So far I’ve been using an ESR for iPad Pro 11 Case with a surprising level of success. When I ordered it back in October, I found several similar ones, which likely means same thing from the same place with the branding of whoever is paying for the batch, lol.
Generally, I’ve tended to keep my devices naked. Tablets are already too damned hefty for my tastes, and most generic cases add considerable weight. First party ones tend to be ridiculously expensive, and likely due to litigation happy Apple, somewhat hamstrung into sucking.
Pretty much I wanted to solve two problems:
- Better protection at work, and some screen protection while its in my work bag.
- Be nice for writing position on my desk.
Most of the generic cases I’ve had for my Android tablets, failed because they’re too heavy once you make the generic adaptive frame and affix the cover. Most first party cases, traded cost for weight by using lighter plastics but suffered the same problem. It’s just the first party result was more like sewing pads together than a one piece plastic mold.
As someone who takes care of their overpriced electronics, my interested in cases tend to be less about drop protection and more about utility. If you’re going to toss a tablet out the back of a truck, or have risk of it being pierced by something dropped on the screen, by all means: get a highly protective case. I’d even recommend Otterbox for that.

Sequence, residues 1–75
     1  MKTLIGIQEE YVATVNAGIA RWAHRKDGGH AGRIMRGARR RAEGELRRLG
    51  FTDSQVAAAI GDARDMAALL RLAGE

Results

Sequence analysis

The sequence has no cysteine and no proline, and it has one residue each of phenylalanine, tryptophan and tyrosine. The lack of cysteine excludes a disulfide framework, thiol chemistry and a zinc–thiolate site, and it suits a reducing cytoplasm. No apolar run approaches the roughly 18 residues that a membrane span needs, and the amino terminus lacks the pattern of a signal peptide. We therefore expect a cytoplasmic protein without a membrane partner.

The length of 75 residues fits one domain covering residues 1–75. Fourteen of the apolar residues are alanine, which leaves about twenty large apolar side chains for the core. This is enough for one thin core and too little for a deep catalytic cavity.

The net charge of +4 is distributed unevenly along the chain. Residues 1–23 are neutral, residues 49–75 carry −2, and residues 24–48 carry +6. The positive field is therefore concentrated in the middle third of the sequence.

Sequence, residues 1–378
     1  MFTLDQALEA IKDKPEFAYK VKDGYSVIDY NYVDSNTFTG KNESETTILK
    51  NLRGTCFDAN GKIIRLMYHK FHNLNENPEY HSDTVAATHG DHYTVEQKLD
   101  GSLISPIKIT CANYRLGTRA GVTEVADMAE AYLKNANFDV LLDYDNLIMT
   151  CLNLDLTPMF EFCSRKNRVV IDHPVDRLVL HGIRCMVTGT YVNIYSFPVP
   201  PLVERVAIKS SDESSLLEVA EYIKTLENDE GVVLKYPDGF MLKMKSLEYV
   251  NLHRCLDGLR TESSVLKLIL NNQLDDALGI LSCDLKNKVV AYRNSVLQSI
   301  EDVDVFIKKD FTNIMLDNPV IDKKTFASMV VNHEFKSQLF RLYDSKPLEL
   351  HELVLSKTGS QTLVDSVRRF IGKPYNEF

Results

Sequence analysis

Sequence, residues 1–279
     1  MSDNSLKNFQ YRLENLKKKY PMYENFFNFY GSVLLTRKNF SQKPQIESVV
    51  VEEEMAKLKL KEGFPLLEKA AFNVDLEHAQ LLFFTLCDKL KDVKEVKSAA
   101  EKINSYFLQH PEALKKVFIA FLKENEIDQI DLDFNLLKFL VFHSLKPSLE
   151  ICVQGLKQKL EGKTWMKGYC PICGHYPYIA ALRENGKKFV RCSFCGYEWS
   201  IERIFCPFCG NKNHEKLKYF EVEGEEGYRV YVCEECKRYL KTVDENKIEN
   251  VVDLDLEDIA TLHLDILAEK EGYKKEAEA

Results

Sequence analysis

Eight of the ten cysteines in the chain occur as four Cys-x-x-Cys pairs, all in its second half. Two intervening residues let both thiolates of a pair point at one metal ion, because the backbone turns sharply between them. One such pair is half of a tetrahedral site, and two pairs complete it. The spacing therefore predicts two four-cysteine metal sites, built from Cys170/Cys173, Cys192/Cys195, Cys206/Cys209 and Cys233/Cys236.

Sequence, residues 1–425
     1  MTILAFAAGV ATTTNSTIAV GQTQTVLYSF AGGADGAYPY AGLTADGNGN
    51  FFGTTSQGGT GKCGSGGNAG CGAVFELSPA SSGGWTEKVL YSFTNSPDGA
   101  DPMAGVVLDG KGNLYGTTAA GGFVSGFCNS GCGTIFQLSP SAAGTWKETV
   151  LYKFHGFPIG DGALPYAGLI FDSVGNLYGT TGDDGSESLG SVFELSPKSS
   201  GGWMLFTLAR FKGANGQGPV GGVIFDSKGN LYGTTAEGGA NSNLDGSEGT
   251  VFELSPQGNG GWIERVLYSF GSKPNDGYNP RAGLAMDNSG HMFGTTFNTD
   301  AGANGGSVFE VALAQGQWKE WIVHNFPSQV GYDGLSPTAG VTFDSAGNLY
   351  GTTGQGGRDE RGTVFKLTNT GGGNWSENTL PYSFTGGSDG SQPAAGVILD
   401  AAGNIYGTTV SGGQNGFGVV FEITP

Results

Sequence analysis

But for me the protection factor is more like having my laptop and tablet in the same section of my bag, or my tablet laying on a work bench where things may get shuffled around a bit: but even a scratch or crack is like more a worse case scenario. I’ve only managed one damaged screen despite having used tablets since Honeycomb.
The trick that’s made this case sick are really down to the design. It’s magnetic connection allows it to be a very thin, lightweight case rather than one that tries to prevent catastrophe. Plus or makes our very easy to remove without scuffing or stressing the device, so when I want to use my iPad without the case: that’s so easy, I don’t worry.
Throw in how useful it is to have a kick stands like function along with the basic screen protection, and I’ve ended up sticking with it. By contrast, I don’t think I’ve ever managed to get more than a few weeks before discarding other cases I’ve had for past tablets.
The catch, I think has less to do with the cost of integrating sufficient magnets: and more to do with Apple’s inclination to sue the pants off other tablet vendors if they made the same style of folio case. Or least that’s been my feeling since Samsung almost nailed this problem with the Tab S2, but fell shy due to weight and using metal “Snaps” instead of magnets for attaching the case to the tablet. But that’s probably cheaper than dealing with their legal department, never mind actual circle jerking over the idea.
A notable side effect is for generic cheap ass cases like this, for most tablets you’re stuck adapting some kind of plastic frame or similar system. In the case of modern iPads, the magnet thing seems suitably generic amongst iPads at this point.